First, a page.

Song Of The Week: “Mary Lou” by Ronnie Hawkins & The Hawks

Some people end up gaining more fame for things completely unrelated to their hit song. Like this dude.

Ronnie Hawkins hailed from Arkansas, and there he formed the first incarnation of his band, The Hawks, in the mid-1950s. Together, they scored Ronnie’s only US Top 40 hit, a remake of an R&B song about a monetarily-minded lady (I ain’t sayin’ she a gold digger…) named “Mary Lou.”

Shortly thereafter, Hawkins emigrated to Canada and lost most of his band in the process. His drummer, fellow Arkansan Levon Helm, decided to stick with him to see if they could replicate in the Polite Provinces some of their recent successes in the Lower 48.

Ronnie Hawkins and the pre-Band Hawks

Ronnie Hawkins and the earliest Hawks

Band members came and went. In early 1960 Hawkins needed a bassist and one arrived in the form of Robbie Robertson. In the summer of 1961, with Robertson having switched over to guitar, Rick Danko took over on bass. The group’s piano player left in the fall of that year and Richard Manuel got the job, followed by organist Garth Hudson a couple of months later.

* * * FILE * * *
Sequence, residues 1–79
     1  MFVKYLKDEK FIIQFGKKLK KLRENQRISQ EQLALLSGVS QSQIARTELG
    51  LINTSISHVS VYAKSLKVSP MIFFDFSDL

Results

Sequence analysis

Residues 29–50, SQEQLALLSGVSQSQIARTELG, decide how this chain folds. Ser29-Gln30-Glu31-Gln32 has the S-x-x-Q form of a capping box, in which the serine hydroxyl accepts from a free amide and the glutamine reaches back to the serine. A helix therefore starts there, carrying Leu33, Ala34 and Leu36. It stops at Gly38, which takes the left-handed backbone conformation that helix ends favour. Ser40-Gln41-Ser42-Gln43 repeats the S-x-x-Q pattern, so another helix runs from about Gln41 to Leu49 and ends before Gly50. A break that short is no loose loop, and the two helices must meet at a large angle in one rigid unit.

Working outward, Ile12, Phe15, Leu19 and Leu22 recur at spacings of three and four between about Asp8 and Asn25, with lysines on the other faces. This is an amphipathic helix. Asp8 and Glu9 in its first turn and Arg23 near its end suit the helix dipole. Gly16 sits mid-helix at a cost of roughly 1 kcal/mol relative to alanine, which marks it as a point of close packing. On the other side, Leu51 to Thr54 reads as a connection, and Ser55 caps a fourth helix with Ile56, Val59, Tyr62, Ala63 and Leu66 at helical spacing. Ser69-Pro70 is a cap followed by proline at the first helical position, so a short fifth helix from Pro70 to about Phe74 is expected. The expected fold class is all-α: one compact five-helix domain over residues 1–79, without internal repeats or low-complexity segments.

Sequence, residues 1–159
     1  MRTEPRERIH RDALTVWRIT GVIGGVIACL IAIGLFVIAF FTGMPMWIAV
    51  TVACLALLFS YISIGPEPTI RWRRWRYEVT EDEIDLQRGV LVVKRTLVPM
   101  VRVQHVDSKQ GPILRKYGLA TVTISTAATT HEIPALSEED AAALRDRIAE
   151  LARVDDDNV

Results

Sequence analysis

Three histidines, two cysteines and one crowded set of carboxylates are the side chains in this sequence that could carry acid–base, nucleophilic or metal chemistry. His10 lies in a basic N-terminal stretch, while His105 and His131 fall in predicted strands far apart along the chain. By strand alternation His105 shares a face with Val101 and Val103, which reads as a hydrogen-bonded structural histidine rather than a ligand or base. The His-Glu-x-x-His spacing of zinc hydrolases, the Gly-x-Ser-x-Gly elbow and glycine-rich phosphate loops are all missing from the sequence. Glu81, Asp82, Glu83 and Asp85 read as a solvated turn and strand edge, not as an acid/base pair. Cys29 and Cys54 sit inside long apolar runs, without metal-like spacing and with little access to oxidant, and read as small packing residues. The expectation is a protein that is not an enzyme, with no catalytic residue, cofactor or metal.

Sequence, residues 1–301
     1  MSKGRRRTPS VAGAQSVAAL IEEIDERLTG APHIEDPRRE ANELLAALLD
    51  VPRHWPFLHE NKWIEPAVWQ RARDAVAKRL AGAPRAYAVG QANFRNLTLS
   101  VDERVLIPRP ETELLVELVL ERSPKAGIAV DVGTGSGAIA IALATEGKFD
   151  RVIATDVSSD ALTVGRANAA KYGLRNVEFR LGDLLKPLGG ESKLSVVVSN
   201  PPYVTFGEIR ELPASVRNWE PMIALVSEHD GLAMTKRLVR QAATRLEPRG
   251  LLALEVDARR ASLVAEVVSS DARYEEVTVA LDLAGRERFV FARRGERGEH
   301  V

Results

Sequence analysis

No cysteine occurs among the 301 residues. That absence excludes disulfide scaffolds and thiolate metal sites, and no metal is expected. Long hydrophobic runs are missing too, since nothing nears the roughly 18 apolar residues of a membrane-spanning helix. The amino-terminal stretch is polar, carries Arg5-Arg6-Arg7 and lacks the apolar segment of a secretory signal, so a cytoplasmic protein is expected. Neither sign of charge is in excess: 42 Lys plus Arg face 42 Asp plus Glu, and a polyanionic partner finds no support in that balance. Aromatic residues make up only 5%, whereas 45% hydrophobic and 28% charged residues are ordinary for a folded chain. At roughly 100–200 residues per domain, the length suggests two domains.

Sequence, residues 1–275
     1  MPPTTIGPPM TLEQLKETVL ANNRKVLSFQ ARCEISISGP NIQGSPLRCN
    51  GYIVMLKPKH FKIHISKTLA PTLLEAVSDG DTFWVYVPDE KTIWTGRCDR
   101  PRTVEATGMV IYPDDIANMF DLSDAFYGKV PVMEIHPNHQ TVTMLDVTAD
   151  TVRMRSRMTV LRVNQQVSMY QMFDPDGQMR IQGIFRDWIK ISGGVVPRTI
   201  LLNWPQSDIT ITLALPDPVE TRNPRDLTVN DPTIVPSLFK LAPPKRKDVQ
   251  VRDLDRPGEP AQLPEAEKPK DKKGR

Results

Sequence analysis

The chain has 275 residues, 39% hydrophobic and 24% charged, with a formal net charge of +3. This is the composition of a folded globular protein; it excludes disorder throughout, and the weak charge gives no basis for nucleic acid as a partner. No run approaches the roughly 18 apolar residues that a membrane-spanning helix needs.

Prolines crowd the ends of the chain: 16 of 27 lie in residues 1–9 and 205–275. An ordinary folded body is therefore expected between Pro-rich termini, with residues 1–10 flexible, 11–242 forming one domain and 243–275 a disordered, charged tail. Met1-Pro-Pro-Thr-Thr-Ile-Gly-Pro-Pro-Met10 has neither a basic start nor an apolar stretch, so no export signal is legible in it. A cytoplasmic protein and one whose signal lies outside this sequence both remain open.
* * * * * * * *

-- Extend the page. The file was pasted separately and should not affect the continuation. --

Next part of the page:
The Hawks now comprised two Americans and four Canadians, and this lineup remained stable for the next two years, gigging around the Great White North and occasionally recording a few tracks. In 1964, the entire band left Hawkins to strike out on their own, but didn’t find much success over the next year until a certain Bob Dylan hired them as his live backing band. They worked with him for the next two years.

In 1968, the quintet recorded their critically acclaimed debut album and were known forever more as The Band, mainly because that’s how they had referred to themselves for the past couple of years (Q: “Who are you guys?” A: “We’re the band.”).

Ronnie Hawkins never reached the Top 40 again in the US after “Mary Lou,” though he did have a few hits in his adopted home of Canada. He also became a mentor to countless singers and rock groups over the ensuing decades. His greatest fame, however, will always remain as the man who formed The Band.

If you’re a rock history novice and wonder what the big deal is about The Band, you can Google for immediate knowledge, or wait an indeterminate amount of time for me to write about them in fuller detail. Could be next week. Could be next year. Suspense!

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